November 30, 2020

“I am MaxYield Grain”

20150114_maxyield_008 (681x1024)Tracy Enderson Helps Clients Maximize Their Marketing

Some things just go together, like macaroni and cheese, or peanut butter and jelly. What about grain marketing and peace of mind? It’s not only possible, but likely when you work with Tracy Enderson.

“I want to create a comfort level,” said Enderson, MaxYield’s West Area accounting leader and grain solutions specialist at Dickens. “The farmers I serve are not just clients, but my friends and neighbors, and I enjoy helping them with grain marketing.”

Enderson knew she had a big role to fill after long- time team member Nancy Glackin retired from MaxYield. “I had to prove myself,” said Enderson, who has worked at the co-op for 21 years. “Once you’ve got the clients’ trust, though, you’ve got it for life.”

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Serving farmers is a big switch for someone who grew up in town and planned to be a junior high math teacher. “I didn’t know much about farming until I married my husband, Bruce, in 1987,” said Enderson, a Terril native who is proud of her family’s fourth- generation farm east of Dickens. “I discovered that I love agriculture. No two days are alike, and there’s always something new.”
Enderson expanded her ag knowledge when she started working part-time in 1994 at the Dickens co-op location. “I ran the scale, and things grew from there,” said Enderson, who later worked at the Ayrshire co-op location.

Enderson moved to the Dickens location after Nancy Glackin retired. Today, Enderson handles a variety of duties, such as invoicing all work orders for dry fertilizer and spraying for MaxYield’s Fostoria, Dickens, Emmetsburg and Mallard locations. She also helps clients market their grain and keeps them up to date on grain marketing contracts.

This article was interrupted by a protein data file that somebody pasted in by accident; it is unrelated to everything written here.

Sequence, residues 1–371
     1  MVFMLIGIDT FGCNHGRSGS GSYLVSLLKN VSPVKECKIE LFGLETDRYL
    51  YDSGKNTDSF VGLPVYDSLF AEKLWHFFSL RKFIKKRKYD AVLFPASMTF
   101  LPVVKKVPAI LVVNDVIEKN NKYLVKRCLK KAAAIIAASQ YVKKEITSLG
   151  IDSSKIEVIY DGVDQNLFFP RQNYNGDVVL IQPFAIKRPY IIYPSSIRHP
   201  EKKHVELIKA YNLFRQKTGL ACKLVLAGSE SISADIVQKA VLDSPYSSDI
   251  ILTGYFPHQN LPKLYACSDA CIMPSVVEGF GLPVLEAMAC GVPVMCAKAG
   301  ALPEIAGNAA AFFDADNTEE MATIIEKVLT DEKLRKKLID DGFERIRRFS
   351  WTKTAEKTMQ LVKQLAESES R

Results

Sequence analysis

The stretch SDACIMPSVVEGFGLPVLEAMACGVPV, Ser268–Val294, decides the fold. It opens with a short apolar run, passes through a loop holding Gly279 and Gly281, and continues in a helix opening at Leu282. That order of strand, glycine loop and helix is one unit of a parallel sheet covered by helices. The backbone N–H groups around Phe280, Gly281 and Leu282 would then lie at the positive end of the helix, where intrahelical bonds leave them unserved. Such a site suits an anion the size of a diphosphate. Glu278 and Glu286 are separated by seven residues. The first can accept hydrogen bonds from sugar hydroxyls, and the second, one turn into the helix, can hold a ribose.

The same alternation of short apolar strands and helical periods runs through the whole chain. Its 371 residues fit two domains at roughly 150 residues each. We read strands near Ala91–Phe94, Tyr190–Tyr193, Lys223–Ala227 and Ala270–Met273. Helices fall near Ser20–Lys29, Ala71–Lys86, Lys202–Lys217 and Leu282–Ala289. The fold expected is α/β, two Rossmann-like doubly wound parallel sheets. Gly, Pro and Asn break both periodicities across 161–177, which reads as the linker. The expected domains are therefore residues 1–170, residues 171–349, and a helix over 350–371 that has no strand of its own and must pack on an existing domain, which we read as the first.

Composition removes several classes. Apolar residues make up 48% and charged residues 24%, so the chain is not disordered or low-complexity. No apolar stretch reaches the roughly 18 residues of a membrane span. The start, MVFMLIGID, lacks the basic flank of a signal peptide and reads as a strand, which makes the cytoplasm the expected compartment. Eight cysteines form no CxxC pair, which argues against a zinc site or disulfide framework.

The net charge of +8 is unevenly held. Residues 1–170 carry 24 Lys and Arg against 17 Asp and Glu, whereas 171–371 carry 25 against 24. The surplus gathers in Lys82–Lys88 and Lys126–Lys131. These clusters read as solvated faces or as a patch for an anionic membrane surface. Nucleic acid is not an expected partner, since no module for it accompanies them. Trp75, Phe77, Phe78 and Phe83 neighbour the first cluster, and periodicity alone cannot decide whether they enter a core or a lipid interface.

“I never try to push,” Enderson said. “I just keep reminding them of opportunities and encourage them to commit a few bushels.”

Many growers in the Dickens area check in at the co-op to see what the markets are doing. They also enjoy stopping by for coffee each morning. “Doing business at the coffee table is a no-no, but the farmers’ ears perk up when I tell them they need to stop by and visit with me before they leave,” Enderson said.

She loves it when there’s a big market rally and clients capture these opportunities. “I always get asked what the markets are going to do, or what the next USDA report is going to say,” Enderson said. “I’ve never had a crystal ball that works, and I don’t think they make one.”

That’s why she encourages clients to use MaxYield’s firm offers. “It’s grain marketing simplified,” said Enderson, who noted that most of her family’s grain is sold with firm offers. “You can benefit from market rallies without having to watch the markets.”

Enderson also focuses on grain origination and growing MaxYield’s business. Along with grain marketing solutions, she promotes the convenient, on-farm grain pickup service that helps save time. “MaxYield has so much to offer,” said Enderson, who called on prospective clients in the Terril area last fall. “I ask people to give us an opportunity.”

Enderson appreciates the opportunity to serve farmers and build lifelong friendships in the process. “MaxYield grain is who I am. I’m also a mom, a grandmother and a part of the local community, so it’s nice that all these sectors of my life intertwine.”

Editor’s Note: Enderson and her husband, Bruce, have three children, including Tyler, 26, who works for Reynolds Construction of Ruthven; Trevin, 23, who farms with the Endersons, and Taylor, 17, who has been accepted at South Dakota State University and is interested in agronomy. The Endersons have also been blessed with three grandchildren. In her free time, Enderson serves on the Ruthven- Ayrshire school board and is treasurer of the Booster Club. She enjoys attending G-T/T-A Titans basketball and baseball games so she can cheer on her son, Tayler. She’s also a big fan of the Iowa Hawkeyes and Kansas City Royals.

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